A study recently done by Tony Lai and Karl Swann, at Cardiff University in Britain, has shown that certain types of male infertility can be reversed with a single protein. These two doctors led the research at Cardiff’s Institute of Molecular and Experimental Medicine, and published their findings in Fertility and Sterility.
The sperm of some men are missing a crucial protein. It is responsible for activating the egg when the egg and sperm fuse. However, if this missing protein is injected into the egg, it can jump start the beginning of the embryonic development that would naturally take place, and raise the possibility of a pregnancy.
During their research, Lai and Swann discovered that the sperm, during normal functioning, transfers a protein called PCL-zeta to the egg and that protein turns the egg “on” and begins the process of embryonic development.
If this protein is missing, or damaged, the egg, even though it may have been technically fused with a sperm, does not develop. Injecting the egg with this protein allows the activation process to be carried out.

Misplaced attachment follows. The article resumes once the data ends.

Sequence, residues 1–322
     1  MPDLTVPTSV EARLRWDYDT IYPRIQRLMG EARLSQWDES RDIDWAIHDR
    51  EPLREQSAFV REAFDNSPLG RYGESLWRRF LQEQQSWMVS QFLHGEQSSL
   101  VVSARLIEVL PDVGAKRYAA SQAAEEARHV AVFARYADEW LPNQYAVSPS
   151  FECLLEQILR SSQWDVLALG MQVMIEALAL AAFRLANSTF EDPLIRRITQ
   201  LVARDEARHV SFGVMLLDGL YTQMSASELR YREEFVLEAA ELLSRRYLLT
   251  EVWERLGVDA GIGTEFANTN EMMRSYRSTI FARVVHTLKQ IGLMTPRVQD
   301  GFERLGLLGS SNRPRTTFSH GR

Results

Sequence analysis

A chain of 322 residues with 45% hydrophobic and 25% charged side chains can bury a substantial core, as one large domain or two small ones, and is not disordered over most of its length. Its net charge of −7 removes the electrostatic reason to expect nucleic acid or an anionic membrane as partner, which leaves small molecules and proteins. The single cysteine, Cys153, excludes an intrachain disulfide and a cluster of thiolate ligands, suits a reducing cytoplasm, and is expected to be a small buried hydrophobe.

Lai explains that when they injected an unfertilized egg with the human PLCz they prepared in the lab, it responded "exactly as it should do at fertilization, resulting in successful embryo development to the blastocyst stage, vital to pregnancy success".
This is the first of such studies to use human PLCz, and that is an important step in the development of a procedure for human assisted reproductive therapies. Up until this study, positive results had only been seen in lab mice. The lab experiment is the first step in developing a protocol that could be used in fertility clinics to treat male infertility by ultimately creating human PLCz and treating eggs before they are fertilized during the IVF process. This could dramatically increase the chances of a pregnancy for a couple if the male sperm is only missing this single, vital protein.
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